Initial Public Offering (IPO)
India's largest e-pharmacy platform PharmEasy is gearing up to file draft papers by October before an Initial Public Offering (IPO) later in the fiscal year.
- PharmEasy is on track for an IPO but is still negotiating with new investors to raise between $200 million and $300 million at a valuation of around $5.6
- PharmEasy has seen the number of doctors and pharmacists double over the last year. So, they are confident of a good jump in their valuation.
- The online pharmacy market in India will go up to about $2.7 billion by 2023 from about $360 million in 2020
- The Mumbai-based company has also started faster medicine deliveries across major markets with its ‘priority’ delivery service, which delivers medicines in three-four hours for a fee.
- Over half-a-dozen startups have filed for IPOs in the domestic market, including Paytm, PolicyBazaar and Nykaa.
What is an Initial Public Offering (IPO)?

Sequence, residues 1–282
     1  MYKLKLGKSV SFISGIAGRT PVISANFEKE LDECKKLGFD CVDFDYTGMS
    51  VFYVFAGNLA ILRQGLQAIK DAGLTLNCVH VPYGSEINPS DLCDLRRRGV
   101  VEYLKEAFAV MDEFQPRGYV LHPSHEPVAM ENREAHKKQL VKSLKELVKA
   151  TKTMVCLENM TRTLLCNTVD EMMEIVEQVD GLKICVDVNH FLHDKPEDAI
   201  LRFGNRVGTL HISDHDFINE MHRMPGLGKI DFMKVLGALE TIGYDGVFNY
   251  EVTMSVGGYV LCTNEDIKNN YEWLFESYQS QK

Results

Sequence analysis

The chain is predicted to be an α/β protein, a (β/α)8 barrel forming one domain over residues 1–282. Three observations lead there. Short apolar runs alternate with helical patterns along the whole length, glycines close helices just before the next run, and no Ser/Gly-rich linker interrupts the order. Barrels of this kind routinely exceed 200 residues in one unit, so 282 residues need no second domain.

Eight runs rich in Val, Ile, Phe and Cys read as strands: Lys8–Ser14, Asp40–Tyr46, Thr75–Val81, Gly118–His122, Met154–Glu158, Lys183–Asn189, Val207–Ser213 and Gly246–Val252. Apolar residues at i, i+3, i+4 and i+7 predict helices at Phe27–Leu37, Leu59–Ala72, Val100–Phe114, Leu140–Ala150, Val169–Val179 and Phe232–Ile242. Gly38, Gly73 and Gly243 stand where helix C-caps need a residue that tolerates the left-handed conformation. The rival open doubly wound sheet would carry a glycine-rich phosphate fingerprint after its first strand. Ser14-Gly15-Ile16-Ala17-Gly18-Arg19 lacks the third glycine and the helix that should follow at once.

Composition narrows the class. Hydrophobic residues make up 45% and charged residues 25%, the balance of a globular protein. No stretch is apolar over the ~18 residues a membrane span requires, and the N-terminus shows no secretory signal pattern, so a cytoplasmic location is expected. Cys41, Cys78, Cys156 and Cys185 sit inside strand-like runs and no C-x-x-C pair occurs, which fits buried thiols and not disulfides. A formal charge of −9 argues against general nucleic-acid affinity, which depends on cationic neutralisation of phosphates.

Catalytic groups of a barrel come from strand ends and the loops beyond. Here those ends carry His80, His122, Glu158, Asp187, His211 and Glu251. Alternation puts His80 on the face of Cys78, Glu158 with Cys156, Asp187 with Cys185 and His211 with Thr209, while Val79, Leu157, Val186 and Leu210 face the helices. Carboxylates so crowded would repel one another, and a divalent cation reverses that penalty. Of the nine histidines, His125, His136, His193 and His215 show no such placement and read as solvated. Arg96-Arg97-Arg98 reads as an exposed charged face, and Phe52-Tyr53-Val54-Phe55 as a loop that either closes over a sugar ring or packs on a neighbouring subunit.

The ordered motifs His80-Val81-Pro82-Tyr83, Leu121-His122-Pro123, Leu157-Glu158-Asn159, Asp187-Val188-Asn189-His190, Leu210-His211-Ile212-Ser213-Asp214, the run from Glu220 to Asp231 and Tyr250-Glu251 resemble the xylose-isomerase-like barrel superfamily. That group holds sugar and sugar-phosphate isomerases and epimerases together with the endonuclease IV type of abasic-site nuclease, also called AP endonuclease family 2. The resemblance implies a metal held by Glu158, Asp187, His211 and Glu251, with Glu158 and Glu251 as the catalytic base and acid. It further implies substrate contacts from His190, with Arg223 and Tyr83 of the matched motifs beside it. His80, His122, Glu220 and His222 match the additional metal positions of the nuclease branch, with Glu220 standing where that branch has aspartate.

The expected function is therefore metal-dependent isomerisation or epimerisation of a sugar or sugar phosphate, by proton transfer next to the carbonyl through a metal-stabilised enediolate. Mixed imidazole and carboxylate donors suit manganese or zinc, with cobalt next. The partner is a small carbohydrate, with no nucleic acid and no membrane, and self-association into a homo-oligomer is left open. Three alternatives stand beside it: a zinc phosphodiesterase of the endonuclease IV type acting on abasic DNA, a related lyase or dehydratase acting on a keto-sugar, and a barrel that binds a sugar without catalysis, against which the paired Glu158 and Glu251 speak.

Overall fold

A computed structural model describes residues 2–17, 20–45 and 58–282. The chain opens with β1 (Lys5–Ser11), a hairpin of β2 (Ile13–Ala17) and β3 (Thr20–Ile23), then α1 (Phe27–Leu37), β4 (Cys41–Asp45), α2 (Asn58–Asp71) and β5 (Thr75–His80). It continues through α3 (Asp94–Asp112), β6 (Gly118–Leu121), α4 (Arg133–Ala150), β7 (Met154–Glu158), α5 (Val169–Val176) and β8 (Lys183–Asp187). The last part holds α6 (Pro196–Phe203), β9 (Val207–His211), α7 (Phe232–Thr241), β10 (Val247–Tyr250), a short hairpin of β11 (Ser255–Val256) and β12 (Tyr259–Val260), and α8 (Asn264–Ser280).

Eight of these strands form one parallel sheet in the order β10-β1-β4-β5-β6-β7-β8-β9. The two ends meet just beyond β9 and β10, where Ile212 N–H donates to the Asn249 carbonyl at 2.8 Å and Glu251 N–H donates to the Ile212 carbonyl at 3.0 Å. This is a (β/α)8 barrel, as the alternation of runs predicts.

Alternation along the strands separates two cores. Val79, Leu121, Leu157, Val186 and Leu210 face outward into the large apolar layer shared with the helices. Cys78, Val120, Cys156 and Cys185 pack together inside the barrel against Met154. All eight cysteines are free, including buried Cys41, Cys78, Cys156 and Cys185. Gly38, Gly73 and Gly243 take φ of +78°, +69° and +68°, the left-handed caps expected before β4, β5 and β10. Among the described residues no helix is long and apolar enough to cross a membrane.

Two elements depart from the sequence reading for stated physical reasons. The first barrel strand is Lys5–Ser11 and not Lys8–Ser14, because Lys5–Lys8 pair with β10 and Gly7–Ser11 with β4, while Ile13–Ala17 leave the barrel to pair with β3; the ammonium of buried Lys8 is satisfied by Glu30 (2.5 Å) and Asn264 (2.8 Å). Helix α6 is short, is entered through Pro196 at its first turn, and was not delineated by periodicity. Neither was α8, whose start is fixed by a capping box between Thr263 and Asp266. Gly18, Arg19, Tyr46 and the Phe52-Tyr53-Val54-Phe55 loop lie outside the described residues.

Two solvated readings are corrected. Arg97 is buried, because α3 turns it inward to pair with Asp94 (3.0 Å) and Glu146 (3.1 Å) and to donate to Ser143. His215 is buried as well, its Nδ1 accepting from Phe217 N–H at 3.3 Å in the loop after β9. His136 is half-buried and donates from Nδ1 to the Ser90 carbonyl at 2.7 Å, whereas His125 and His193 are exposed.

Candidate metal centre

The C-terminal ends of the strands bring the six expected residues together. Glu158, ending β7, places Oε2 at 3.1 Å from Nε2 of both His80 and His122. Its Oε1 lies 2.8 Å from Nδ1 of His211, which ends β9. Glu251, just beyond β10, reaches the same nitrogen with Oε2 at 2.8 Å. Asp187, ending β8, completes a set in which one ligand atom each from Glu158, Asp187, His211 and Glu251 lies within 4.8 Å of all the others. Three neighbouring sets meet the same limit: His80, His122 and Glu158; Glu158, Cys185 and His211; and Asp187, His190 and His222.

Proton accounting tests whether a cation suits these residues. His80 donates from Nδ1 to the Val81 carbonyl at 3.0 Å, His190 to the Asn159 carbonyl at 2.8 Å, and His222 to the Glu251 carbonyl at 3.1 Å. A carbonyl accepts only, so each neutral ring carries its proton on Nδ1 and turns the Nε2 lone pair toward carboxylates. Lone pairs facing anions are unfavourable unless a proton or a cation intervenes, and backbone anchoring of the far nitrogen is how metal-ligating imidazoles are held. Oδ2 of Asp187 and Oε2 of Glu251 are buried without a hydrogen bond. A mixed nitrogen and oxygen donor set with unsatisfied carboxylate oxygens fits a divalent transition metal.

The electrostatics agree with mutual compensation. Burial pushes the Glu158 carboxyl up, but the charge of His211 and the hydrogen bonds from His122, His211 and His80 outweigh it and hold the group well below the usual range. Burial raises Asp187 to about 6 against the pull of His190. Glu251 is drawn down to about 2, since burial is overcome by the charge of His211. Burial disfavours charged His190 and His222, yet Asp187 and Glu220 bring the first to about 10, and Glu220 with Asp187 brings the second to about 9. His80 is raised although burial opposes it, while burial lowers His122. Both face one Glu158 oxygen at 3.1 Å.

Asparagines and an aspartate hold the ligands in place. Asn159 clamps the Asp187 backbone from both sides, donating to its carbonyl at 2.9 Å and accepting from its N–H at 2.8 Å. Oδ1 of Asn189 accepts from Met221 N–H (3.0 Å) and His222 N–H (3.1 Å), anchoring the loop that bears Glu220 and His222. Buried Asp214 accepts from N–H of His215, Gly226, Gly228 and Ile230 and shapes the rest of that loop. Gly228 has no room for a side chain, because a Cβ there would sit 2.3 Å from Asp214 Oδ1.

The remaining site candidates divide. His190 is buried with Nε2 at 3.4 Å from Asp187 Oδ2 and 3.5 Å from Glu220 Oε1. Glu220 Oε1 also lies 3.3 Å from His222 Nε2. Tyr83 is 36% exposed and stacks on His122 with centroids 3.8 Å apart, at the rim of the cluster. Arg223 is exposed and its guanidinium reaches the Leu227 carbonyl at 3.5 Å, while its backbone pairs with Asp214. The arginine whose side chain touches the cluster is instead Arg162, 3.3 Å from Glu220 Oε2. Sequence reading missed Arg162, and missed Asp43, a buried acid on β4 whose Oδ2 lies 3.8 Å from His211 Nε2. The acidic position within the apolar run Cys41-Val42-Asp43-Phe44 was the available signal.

An initial public offering (IPO) refers to the process of offering shares of a private corporation to the public in a new stock issuance. An IPO allows a company to raise capital from public investors. The transition from a private to a public company can be an important time for private investors to fully realize gains from their investment as it typically includes a share premium for current private investors. Meanwhile, it also allows public investors to participate in the offering.
How an IPO Works?
- Prior to an IPO, a company is considered private. As a pre-IPO private company, the business has grown with a relatively small number of shareholders including early investors like the founders, family, and friends along with professional investors such as venture capitalists or angel investors.
- An IPO is a big step for a company as it provides the company with access to raising lot of money. This gives the company a greater ability to grow and expand. The increased transparency and share listing credibility can also be a factor in helping it obtain better terms when seeking borrowed funds as well.
- IPO shares of a company are priced through underwriting due diligence. When a company goes public, the previously owned private share ownership converts to public ownership, and the existing private shareholders’ shares become worth the public trading price.Share underwriting can also include special provisions for private to public share ownership.